Canadian Medical Association

illustration of SARS-CoV-2 cell

Experts have detected many SARS-CoV-2 variants since the beginning of the pandemic. Three in particular have raised concerns about enhanced transmissibility, effects on immunity, reduced efficacy of therapeutic agents and reducing the accuracy of diagnostic testing.

Members of the DynaMed editorial team share what you need to know about the SARS-CoV-2 variants and their clinical impact.

This information is accurate as of February 11,2021.


The first SARS-CoV-2 variant, which carried a spike protein amino acid substitution D614G, emerged early in the pandemic. By June 2020, the D614G variant replaced the original strain to become the dominant circulating strain globally. Another variant known as B.1.1.7 was detected in September in the United Kingdom. By December it was flagged as a “variant of concern” because it was quickly becoming the dominant variant in the London area, and as of January 31, 2021, it has been detected in 80 countries, including the United States.

The B.1.1.7 variant has 14 lineage-defining mutations including a few in the spike protein that appear to confer higher binding affinity to the cellular receptor. A third variant know as the B.1.351 lineage was detected in South Africa in October and another called B.1.1.28 was first detected in travelers from Brazil in January 2021 (this variant has since been renamed P.1 lineage). Some of the same spike mutations have evolved spontaneously in these distinct SARS-CoV-2 variant strains, suggesting that immunologic pressure may have provoked similar selection of these variants.

Are they more transmissible?

It is becoming clear that that these particular SARS-CoV-2 variants increase transmissibility of the virus. Genetic surveillance and modeling studies estimate the B.1.1.7 variant to be 50 to 75 percent more transmissible. Further, while lockdowns stifled transmission of previous SARS-CoV-2 strains, infection control measures were less effective at blocking the spread of B.1.1.7 in the U.K. The mechanisms by which different mutations confer a selective advantage of these variants is an area of intense investigation.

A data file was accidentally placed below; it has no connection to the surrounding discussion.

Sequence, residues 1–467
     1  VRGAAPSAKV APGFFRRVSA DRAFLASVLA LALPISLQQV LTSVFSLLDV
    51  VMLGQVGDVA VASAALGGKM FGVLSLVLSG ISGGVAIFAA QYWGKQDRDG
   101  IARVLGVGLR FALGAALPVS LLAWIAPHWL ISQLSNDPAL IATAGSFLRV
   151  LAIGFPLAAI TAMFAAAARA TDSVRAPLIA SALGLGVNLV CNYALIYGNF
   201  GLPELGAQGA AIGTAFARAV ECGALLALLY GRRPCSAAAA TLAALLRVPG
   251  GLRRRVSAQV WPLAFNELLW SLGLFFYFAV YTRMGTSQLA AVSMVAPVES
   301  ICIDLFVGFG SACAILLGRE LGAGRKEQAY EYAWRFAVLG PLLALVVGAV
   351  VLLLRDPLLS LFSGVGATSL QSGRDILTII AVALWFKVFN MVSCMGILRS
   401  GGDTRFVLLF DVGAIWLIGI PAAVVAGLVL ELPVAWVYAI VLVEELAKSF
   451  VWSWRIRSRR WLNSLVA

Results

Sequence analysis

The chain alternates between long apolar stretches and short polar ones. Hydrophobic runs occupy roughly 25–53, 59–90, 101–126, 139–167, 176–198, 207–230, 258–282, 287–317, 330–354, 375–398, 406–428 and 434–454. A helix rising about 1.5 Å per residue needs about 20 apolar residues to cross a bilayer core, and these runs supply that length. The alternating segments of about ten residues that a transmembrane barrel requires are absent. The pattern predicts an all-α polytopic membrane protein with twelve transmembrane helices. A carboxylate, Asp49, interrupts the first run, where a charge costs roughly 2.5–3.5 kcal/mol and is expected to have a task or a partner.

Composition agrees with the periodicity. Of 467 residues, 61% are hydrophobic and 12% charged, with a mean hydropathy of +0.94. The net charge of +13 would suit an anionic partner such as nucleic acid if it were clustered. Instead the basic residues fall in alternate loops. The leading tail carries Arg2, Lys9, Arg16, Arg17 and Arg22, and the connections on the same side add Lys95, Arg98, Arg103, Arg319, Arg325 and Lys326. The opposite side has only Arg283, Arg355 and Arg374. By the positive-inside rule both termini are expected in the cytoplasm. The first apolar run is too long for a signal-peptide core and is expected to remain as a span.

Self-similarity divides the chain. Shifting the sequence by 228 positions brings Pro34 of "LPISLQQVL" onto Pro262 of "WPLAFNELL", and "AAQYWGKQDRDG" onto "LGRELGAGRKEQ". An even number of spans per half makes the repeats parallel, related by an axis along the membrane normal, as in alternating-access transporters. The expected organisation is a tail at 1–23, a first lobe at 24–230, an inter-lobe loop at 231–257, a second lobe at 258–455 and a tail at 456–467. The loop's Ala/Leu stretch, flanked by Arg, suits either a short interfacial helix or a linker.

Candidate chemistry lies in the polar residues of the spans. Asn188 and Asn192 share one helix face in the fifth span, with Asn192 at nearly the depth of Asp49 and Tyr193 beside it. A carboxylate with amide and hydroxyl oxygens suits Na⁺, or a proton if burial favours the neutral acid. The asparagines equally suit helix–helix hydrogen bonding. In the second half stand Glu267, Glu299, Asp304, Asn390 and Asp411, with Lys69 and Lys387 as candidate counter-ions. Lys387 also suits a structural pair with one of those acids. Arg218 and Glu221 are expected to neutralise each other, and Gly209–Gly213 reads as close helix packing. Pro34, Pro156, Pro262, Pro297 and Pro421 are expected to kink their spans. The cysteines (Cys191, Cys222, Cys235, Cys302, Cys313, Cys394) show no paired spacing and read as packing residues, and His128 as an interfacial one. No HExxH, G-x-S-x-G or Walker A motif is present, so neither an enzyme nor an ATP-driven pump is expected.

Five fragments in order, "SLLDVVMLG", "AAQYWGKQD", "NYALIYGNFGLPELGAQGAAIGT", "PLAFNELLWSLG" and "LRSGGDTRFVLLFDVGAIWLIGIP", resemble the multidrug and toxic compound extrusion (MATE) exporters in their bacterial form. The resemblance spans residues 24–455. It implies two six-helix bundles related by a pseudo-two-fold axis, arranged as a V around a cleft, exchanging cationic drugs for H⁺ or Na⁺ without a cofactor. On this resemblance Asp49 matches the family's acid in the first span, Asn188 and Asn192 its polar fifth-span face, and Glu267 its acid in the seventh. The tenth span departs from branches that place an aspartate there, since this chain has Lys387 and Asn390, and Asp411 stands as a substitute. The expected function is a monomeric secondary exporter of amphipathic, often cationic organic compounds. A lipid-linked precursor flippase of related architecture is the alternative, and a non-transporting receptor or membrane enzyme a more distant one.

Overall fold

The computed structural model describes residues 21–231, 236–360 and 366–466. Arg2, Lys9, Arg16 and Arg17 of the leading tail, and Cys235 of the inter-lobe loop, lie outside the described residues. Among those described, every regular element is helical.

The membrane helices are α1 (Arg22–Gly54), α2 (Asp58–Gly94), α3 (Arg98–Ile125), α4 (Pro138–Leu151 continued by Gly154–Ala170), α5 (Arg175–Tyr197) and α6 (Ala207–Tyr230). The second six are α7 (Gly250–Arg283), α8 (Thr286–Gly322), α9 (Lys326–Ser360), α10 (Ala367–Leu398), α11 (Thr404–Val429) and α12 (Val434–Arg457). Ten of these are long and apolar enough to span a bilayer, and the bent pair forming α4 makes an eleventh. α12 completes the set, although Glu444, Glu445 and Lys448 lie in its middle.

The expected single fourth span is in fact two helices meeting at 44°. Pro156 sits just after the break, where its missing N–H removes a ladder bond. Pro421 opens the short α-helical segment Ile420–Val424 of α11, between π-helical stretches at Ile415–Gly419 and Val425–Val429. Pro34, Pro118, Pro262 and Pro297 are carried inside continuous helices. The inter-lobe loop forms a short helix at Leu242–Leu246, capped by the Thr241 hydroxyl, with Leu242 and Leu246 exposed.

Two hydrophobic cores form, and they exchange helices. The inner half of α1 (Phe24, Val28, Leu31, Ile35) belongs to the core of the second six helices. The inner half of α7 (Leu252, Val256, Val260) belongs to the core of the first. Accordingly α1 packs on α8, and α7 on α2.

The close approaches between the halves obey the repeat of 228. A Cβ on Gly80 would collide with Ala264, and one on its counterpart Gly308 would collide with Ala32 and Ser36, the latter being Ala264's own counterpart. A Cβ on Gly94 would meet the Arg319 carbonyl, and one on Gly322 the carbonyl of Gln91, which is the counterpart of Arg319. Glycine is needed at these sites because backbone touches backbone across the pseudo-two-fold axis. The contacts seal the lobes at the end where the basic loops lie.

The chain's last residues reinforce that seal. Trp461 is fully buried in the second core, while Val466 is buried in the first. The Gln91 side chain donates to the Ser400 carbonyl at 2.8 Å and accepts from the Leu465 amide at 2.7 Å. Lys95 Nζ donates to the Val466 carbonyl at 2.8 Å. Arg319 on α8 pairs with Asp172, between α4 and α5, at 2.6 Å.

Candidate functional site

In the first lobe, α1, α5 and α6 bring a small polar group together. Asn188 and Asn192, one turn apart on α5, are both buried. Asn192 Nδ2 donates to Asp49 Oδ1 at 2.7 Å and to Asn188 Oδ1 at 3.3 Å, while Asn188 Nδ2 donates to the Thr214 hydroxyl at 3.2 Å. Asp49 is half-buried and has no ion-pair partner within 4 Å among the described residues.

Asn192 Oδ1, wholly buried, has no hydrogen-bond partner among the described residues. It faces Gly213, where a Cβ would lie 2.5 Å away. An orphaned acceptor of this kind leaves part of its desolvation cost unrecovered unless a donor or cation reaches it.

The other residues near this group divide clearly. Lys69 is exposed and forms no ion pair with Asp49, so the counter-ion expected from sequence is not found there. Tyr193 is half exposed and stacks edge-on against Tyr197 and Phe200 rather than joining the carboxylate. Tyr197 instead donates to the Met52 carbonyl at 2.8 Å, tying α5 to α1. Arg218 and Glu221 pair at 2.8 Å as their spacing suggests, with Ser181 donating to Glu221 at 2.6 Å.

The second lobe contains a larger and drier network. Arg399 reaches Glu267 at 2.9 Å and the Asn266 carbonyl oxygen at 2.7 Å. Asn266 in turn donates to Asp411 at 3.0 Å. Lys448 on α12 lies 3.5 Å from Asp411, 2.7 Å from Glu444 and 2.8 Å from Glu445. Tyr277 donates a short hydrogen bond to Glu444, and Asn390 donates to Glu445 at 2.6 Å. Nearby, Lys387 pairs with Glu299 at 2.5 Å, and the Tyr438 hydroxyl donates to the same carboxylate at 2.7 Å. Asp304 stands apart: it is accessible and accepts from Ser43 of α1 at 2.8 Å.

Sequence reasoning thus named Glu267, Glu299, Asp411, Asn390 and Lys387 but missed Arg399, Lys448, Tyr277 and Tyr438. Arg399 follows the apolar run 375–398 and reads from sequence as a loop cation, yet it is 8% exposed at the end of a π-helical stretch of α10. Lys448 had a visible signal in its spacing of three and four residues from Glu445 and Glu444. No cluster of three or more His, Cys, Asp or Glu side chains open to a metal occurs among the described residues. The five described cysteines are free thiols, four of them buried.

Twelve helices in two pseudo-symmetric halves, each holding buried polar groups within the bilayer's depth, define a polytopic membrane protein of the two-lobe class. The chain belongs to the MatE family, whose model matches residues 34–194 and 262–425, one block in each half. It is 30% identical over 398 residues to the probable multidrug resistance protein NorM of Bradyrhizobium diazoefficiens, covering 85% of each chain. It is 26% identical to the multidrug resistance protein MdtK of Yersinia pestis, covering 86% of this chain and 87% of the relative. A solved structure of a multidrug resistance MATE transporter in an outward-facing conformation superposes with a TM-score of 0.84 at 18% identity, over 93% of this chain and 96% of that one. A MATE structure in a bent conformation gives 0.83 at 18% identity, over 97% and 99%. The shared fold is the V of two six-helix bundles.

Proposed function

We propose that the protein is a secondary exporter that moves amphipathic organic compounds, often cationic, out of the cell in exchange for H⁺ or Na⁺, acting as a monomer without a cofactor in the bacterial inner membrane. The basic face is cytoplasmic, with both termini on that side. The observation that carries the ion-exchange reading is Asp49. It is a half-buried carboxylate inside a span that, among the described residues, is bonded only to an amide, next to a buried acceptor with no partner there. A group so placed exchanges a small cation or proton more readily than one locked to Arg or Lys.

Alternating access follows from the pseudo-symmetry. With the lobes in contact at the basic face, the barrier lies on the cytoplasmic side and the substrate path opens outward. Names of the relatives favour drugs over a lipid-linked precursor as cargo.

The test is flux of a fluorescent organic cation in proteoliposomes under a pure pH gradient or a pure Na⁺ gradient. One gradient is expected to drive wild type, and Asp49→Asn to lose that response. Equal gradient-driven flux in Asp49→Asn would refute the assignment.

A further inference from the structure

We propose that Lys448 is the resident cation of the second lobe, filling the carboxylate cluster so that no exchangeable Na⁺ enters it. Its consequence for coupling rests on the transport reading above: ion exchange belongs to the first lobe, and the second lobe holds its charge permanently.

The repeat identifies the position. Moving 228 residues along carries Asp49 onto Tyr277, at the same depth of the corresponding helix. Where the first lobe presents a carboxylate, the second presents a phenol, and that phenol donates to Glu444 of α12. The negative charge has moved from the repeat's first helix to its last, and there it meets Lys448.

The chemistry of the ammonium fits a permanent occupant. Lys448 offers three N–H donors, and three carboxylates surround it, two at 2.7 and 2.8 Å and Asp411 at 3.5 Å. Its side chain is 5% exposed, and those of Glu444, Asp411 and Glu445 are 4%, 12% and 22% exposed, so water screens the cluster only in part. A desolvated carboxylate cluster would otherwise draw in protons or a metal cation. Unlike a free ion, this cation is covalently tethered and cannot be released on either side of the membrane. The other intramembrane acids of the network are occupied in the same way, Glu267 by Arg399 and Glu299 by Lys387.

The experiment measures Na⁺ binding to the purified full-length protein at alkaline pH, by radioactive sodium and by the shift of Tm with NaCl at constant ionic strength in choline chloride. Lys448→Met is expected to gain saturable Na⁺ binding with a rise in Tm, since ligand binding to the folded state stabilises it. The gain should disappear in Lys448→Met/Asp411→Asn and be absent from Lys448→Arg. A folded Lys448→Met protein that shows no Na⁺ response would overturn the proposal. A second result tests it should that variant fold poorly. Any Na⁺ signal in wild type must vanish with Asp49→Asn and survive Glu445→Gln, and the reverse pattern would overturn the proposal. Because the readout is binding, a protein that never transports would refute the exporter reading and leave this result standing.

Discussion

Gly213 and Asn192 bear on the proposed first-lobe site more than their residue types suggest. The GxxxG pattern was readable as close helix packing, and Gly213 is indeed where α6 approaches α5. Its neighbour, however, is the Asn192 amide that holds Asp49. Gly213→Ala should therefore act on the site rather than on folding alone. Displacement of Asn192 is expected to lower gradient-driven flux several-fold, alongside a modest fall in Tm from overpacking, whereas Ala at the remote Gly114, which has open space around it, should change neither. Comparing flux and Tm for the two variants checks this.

Are they deadlier?

Despite some reporting to the contrary in the mainstream press, there is no evidence to-date that any of these SARS-CoV-2 variants are associated with more severe COVID-19 or death. A technical briefing from the Scientific Advisory Board for Emergencies (SAGE) in the U.K. reported preliminary findings from unpublished analyses suggesting potentially increased risk of death associated with the B.1.1.7 variant. However, without access to the primary data set and methods, we are unable to independently confirm these conclusions.

Will SARS-CoV-2 vaccines provide immunity?

In terms of the efficacy of vaccines against these SARS-CoV-2 variants, a few recent studies reveal some insights. In a preprint (non-peer reviewed) study with 20 volunteers who received two doses of Pfizer/BioNTech (n = six) or Moderna (n = 14) vaccines, both mRNA vaccines elicited antibodies capable of neutralizing SARS-CoV-2 variants. However, plasma from vaccinated people was less effective at neutralizing variants with specific mutations, a finding similarly observed in a preprint study from Moderna that showed a six-fold reduction in antibodies able to neutralize the B.1.351 variant. Despite lower neutralizing antibody titers, it is expected that the vaccines still elicit protective immunity against the current SARS-CoV-2 variants. Moderna is also investigating the benefit of a booster dose of vaccine directed against variants.

It’s hard to predict the clinical impact of these and future SARS-CoV-2 variant strains. As we exert more immunologic pressure on the virus due to increasing rates of natural- and vaccine-acquired immunity, we may find different variants than those discovered today. Broad genetic surveillance will be necessary to monitor for variants and track their clinical impact.

For more information, see the topic COVID-19 (Novel Coronavirus) in DynaMed. 

Original article published on EBSCO Health Notes. Written by:

  • Vito Iacoviello, MD, Deputy Editor for Infectious Disease, Allergy, and Immunology at DynaMed; and
  • Heather D. Marshall, PhD, Senior Medical Writer in Infectious Disease, Allergy, and Immunology and Digital Media Specialist at DynaMed.

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This material is for informational purposes only. It is not intended to be a substitute for professional medical advice and should not be relied on as health or personal advice. The opinions stated by the authors are made in a personal capacity and do not necessarily reflect those of the Canadian Medical Association and its subsidiaries including Joule. 

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